Koji Yatani, Darren Gergle, and Khai Truong
support remote collaboration. But, their small form-factor may impact the effectiveness of the visual feedback channel often used to help users maintain an awareness of their partner’s activities during synchronous collaborative tasks. We investigated how visual and tactile feedback affects collaboration on mobile devices, with emphasis on spatial coordination in a shared workspace. From two user studies, our results highlight different benefits of each feedback channel in collaborative handheld systems. Visual feedback can provide precise spatial information for collaborators, but degrades collaboration when the feedback is occluded, and sometimes can distract the user’s attention. Spatial tactile feedback can reduce the overload of information in visual space and gently guides the user’s attention to an area of interest. Our results also show that visual and tactile feedback can complement each other, and systems using both feedback channels can support better spatial coordination than systems using only one form of feedback.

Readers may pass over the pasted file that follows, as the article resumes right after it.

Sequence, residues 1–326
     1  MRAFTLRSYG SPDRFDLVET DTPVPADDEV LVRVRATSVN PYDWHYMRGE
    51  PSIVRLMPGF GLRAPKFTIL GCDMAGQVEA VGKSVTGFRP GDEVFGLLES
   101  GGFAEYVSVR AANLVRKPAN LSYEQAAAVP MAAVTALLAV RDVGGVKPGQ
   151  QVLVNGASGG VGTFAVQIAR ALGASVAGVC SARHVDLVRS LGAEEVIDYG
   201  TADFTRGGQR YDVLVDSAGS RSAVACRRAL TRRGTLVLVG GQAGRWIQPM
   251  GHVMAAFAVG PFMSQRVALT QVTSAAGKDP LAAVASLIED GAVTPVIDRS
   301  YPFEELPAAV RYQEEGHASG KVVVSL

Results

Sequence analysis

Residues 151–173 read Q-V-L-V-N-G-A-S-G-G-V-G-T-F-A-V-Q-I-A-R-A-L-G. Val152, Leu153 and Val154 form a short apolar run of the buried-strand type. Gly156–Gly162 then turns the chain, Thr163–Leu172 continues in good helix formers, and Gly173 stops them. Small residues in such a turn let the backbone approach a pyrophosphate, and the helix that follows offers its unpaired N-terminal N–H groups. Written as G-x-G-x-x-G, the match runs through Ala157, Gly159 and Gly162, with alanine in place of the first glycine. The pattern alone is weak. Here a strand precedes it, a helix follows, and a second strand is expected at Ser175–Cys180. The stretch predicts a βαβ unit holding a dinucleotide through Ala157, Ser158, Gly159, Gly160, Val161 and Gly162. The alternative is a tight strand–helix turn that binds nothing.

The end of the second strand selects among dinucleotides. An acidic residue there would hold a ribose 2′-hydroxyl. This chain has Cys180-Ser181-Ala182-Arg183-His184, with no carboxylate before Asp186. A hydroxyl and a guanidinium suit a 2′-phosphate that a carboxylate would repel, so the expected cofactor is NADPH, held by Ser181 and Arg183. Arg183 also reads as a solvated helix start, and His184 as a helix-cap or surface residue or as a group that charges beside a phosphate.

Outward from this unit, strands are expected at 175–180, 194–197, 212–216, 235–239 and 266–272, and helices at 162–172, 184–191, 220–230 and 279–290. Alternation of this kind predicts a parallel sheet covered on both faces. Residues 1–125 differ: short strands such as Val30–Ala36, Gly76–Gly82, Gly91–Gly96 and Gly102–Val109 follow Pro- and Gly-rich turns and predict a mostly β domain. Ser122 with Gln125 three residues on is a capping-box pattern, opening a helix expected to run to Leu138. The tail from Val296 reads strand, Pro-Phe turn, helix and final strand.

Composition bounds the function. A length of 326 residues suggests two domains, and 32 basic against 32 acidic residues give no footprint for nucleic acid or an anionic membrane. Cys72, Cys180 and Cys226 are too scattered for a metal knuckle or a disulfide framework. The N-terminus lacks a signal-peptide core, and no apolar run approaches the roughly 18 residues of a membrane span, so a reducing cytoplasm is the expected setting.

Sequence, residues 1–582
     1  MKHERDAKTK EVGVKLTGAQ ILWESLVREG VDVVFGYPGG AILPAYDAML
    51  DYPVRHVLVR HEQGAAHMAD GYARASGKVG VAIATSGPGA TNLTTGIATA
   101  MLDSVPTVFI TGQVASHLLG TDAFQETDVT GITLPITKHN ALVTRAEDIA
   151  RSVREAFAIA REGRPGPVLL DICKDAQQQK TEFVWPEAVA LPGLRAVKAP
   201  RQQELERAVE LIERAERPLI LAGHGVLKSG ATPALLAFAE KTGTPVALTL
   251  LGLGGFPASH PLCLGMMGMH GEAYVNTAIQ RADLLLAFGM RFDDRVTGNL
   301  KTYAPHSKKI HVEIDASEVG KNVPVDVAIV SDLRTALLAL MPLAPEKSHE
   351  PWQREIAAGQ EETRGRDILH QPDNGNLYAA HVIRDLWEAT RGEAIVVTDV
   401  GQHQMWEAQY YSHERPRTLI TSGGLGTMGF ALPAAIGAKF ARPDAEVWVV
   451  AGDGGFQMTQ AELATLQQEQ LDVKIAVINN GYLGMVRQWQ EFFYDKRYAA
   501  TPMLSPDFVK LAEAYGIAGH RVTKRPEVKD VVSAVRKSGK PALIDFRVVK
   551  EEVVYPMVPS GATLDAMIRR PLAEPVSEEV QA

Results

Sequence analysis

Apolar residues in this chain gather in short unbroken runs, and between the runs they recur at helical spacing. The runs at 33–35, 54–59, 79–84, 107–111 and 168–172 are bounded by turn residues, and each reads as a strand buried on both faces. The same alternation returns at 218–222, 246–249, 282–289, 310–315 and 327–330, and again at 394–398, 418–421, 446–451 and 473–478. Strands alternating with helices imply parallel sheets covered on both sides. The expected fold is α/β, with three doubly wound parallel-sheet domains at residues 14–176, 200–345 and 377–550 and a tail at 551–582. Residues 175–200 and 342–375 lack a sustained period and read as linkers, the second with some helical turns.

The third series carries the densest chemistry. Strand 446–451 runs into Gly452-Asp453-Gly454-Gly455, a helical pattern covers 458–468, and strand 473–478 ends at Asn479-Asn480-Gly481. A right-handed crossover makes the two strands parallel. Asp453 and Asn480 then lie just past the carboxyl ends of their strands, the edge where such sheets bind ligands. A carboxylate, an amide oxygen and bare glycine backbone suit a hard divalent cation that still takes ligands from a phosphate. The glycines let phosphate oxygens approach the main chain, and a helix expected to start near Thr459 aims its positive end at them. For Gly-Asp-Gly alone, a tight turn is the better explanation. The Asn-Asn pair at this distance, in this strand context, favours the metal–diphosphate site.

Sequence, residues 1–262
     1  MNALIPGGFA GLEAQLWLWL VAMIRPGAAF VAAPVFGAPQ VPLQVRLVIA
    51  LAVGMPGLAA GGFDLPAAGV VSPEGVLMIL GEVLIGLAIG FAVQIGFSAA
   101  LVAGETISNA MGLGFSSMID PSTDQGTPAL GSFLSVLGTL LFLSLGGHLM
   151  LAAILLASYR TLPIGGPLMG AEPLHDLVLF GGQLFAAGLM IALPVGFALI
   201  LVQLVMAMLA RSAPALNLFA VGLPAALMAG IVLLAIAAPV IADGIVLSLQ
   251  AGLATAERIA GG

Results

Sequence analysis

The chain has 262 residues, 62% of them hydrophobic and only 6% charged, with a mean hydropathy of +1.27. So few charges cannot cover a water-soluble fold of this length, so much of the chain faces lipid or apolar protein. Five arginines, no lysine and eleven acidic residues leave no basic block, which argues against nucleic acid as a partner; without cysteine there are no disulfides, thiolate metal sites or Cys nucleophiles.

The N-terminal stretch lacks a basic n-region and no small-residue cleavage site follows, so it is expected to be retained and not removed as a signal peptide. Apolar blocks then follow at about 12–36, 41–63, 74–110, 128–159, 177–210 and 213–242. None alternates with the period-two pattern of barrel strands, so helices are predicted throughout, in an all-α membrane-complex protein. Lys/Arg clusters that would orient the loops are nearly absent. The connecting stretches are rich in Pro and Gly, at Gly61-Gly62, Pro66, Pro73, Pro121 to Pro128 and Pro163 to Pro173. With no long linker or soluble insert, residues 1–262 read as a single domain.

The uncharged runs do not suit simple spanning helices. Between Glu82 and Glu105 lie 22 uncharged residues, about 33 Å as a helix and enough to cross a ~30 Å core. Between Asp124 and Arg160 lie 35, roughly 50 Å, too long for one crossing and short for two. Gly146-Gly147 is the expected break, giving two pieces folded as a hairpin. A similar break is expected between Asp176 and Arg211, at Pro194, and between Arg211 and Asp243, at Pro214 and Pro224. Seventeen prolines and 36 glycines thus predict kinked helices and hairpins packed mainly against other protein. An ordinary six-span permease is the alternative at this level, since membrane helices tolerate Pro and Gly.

|Published in||CSCW 2012 Conference on Computer Supported Cooperative Work|